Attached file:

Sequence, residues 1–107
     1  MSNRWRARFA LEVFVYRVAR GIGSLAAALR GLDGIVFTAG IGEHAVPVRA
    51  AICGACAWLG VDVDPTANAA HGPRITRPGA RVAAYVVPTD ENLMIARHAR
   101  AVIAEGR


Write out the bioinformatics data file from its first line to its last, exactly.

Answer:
Sequence, residues 1–107
     1  MSNRWRARFA LEVFVYRVAR GIGSLAAALR GLDGIVFTAG IGEHAVPVRA
    51  AICGACAWLG VDVDPTANAA HGPRITRPGA RVAAYVVPTD ENLMIARHAR
   101  AVIAEGR